Wednesday, July 13, 2016

Mold and Your Health

~ courtesy info from the Dumpster Diva at Bin There Dump That

One tends to think of something that grows as having life and being categorized as either a plant or animal.   Mold, however, is neither plant nor animal, yet it can grow and reproduce by making spores. It has a life of its own and can negatively impact your health

It belongs in the Fungi Kingdom, and unlike a plant, mold does not get energy from the sun via photosynthesis.   The sun, in fact, inhibits the growth of mold, which sort of eats its way along, most commonly fulfilling its mission to break up decaying stuff like dead plants or animals.   Mold spores can survive severe conditions like drought where normal mold growth is not likely to occur until wetness or humidity returns.

Mildew is a form of mold, and the most common place in the house to find mildew is shower stalls and basements -- warm, humid, wet or damp, dark environments.   Surprisingly, neither the Environmental Protection Agency nor another government entity has issued standards on mold or mold spore levels, so there are no building regulations. 

Mildew forms a thin, white, gray or greenish layer while the less frequent "black mold" has a green-black hue and grows on surfaces with a high cellulose content like paper, wood, fiberboard and gypsum board, all common building materials.   While mold can do some serious damage to your home's structural elements like walls, floors, ceilings and upholstered furniture, it can really raise havoc with the health and well-being of residents in a poorly ventilated or cared-for house.

According to the Florida Department of Health, there are four kinds of health problems related to mold:
  • allergic illness
  • irritant effects
  • infection
  • toxic effects

The most vulnerable people to mold health risks include infants, children, elderly people with respiratory or lung conditions and those with weakened immune systems from ongoing treatments or recent illness.   The most common symptoms of an allergic or highly sensitive reaction to the presence of mold may or may not be linked to mold:
  • running nose and sneezing
  • coughing or wheezing
  • redness or itchy eyes
  • rash or skin irritation
  • asthma attacks
  • fever (less common)
  • breathing difficulty (less common)

There are some routine maintenance and awareness measures which can reduce the incidence of mold in your house:
  • check plumbing for leaks a few times a year
  • use A/C or a dehumidifier in hot or warm months
  • maintain good ventilation at all times
  • keep indoor humidity between 30 and 50 percent max
  • refrain from installing carpets in basements and bathrooms
  • have and use an exhaust fan in every bathroom
  • clean up quickly and thoroughly after a rain or water incident
Some of the most common places for mold outside your home which might cause distress to people with a sensitivity to the odor or presence of it include, not surprisingly, antique shops and lake or oceanfront summer cottages.   Also, greenhouses and flower shops, saunas, farms and construction areas can have the kinds of conditions where mold thrives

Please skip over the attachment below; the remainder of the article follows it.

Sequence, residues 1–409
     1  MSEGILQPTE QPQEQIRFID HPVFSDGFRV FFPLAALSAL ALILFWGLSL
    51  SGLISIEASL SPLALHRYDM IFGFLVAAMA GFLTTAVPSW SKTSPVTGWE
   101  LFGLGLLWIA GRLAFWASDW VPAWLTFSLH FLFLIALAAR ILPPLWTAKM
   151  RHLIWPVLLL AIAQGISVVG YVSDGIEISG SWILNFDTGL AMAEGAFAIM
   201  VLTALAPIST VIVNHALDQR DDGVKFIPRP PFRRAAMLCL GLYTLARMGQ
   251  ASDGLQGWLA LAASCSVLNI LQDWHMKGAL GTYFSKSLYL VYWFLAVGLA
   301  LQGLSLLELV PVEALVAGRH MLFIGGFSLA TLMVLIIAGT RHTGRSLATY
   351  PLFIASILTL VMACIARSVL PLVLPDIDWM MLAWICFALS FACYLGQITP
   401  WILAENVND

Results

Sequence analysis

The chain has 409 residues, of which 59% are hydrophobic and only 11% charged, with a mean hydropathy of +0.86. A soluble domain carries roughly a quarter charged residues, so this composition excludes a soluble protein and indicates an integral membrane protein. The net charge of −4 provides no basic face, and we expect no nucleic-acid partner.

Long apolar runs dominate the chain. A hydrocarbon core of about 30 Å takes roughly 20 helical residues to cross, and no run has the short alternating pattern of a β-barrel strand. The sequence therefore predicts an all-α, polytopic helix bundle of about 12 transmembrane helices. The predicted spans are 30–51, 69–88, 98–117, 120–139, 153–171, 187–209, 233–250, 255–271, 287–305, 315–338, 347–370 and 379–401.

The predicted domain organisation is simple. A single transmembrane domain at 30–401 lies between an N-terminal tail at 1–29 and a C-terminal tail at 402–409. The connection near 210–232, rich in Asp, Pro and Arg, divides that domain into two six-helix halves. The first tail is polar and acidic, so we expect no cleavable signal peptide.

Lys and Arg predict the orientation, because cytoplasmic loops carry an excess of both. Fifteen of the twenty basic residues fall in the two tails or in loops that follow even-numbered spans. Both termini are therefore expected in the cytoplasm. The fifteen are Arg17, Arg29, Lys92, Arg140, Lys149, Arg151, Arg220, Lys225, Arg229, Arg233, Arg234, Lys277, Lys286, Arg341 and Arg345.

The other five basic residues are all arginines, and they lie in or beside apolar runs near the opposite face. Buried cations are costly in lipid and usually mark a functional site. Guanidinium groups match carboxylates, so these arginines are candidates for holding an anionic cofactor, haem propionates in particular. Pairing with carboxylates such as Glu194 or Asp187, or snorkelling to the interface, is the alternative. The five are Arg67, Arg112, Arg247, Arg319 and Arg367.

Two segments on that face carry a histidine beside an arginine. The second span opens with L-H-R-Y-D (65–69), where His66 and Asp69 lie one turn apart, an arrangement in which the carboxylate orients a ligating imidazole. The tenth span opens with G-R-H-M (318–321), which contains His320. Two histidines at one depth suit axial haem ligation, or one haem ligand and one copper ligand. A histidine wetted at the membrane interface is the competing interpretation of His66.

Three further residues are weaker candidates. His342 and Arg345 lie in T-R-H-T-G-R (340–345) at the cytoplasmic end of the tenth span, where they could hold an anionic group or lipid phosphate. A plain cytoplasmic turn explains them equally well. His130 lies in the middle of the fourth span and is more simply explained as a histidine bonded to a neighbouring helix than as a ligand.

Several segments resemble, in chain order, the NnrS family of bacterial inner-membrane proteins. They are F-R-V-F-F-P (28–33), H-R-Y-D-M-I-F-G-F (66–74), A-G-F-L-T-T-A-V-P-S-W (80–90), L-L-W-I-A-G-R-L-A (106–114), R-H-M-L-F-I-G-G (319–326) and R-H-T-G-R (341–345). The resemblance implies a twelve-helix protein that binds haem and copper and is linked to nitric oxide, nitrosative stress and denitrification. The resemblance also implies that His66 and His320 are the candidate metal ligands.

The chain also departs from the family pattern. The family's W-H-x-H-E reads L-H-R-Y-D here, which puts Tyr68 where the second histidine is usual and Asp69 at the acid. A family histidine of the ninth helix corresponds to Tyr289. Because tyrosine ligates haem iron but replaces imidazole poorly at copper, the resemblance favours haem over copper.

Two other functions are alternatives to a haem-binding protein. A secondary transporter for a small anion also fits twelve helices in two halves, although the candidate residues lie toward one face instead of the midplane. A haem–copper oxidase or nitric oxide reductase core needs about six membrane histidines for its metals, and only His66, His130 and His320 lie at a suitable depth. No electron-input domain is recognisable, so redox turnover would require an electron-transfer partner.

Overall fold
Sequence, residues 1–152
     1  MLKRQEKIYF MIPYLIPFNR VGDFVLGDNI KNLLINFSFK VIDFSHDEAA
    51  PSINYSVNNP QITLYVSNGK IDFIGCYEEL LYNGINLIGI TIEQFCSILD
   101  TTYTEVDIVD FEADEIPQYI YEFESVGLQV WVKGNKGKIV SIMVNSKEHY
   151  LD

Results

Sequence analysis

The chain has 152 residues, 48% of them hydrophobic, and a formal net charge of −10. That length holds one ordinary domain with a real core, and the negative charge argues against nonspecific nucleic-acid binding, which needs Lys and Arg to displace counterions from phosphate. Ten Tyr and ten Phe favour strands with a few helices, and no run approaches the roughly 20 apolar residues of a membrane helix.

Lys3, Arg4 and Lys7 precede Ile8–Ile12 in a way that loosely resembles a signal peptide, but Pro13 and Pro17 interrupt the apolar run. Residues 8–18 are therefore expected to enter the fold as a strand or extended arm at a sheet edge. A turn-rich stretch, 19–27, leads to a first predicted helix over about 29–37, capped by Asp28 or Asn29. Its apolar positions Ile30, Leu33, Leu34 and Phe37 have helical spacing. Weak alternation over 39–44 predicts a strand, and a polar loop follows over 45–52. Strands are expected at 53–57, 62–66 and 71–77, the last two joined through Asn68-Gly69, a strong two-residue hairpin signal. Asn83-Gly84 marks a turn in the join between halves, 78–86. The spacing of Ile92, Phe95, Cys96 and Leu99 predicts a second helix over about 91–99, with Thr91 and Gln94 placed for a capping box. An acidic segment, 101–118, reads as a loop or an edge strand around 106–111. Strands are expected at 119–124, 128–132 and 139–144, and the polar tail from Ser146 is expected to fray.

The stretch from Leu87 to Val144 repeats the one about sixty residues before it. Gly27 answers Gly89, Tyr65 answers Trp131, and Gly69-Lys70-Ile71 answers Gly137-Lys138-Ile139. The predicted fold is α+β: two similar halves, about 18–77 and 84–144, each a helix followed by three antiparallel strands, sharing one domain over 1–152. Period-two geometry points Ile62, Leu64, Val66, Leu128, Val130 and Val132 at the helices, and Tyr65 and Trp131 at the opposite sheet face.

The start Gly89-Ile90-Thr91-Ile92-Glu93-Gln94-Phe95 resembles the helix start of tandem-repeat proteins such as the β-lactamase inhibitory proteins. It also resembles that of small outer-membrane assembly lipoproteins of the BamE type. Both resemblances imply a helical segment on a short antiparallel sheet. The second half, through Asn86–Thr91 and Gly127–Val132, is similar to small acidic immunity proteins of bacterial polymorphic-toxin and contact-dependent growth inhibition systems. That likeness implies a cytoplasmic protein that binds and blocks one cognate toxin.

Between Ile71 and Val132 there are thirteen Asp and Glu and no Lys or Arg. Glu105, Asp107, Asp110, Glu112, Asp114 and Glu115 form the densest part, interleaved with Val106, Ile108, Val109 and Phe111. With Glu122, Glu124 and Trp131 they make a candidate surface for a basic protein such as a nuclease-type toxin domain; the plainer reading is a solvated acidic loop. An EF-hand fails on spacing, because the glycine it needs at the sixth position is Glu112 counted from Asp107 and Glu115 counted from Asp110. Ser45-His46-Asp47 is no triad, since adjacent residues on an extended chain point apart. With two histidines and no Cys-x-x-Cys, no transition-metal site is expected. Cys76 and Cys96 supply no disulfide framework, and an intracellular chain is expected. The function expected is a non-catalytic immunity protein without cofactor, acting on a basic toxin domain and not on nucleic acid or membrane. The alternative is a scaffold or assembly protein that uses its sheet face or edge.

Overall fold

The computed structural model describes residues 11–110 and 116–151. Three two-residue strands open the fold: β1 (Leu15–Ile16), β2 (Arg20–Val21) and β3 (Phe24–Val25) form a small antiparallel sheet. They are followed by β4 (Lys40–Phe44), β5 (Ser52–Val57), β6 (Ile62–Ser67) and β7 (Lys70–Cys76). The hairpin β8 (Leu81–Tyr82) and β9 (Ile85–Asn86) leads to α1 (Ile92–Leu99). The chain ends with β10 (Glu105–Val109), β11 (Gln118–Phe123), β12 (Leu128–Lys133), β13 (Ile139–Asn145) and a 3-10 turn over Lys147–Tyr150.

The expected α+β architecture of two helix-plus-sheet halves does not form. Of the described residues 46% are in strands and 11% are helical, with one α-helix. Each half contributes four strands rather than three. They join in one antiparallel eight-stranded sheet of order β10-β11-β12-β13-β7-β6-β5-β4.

Being educated in mold conditions and its effects on health are key to avoiding the associated illness and discomfort, as well as potentially connecting the dots should symptoms arise. 

Wednesday, July 6, 2016

Lazy, Hazy, Crazy Days of Summer

Roll out those lazy, hazy, crazy days of summer
Those days of soda and pretzels and beer
Roll out those lazy, hazy, crazy days of summer
Dust off the sun and moon and sing a song of cheer

Roll out those lazy, hazy, crazy days of summer
Those days of soda and pretzels and beer
Roll out those lazy, hazy, crazy days of summer
You'll wish that summer could always be here.

            The song peaked on the billboard in the top 10 in 1963, but the words sung by Nat King Cole, written by Charles Tobias, have stuck with every generation. We are once again in the throes of those lazy, hazy, crazy days of summer.

            The beaches beckon, golf courses are in full swing and families are flocking to the whole state for camping, swimming, windsurfing, fishing, Disney-ing, cruising and watching the sun set into the glorious horizon throughout the Tampa Bay region. It's hot outside most days, so:

v drink plenty of water
v wear lightweight, loose-fitting, cotton clothes
v always wear a hat
v put on sunglasses
v eat light
v take showers and baths for cooling
v seek out shady outdoor venues or A/C indoor ones
v use sunscreen

            However, the long days and warm temps also are perfect for home renovation or spruce up projects. Your first stop should be Bin There Dump That for a dumpster rental. Even if you are simply power washing your house, you'll likely find some broken gutters or downspouts, branches, leaves and debris that have rested on your property from somewhere else. Summer is great for painting, roofing, staining decks, screening a porch or adding a sunroom.

            It is wise to have your air conditioning unit checked annually, and the beginning of summer, when it's likely to run the most, is the best time. A heat pump can use up to 50% more energy when it's not in optimum condition. Change your filters, switch ceiling fan rotation and check all your screens for those nights when you can sleep with fresh air wafting around inside.

            Remember that you don't need to be a tourist from afar to enjoy your own hometown. If there's a museum you haven't been to recently, a beach full of memories you haven't walked on years or a bucket list fishing excursion you always want to go on, summer break is the perfect time. Be a little lazy, hazy and crazy yourself.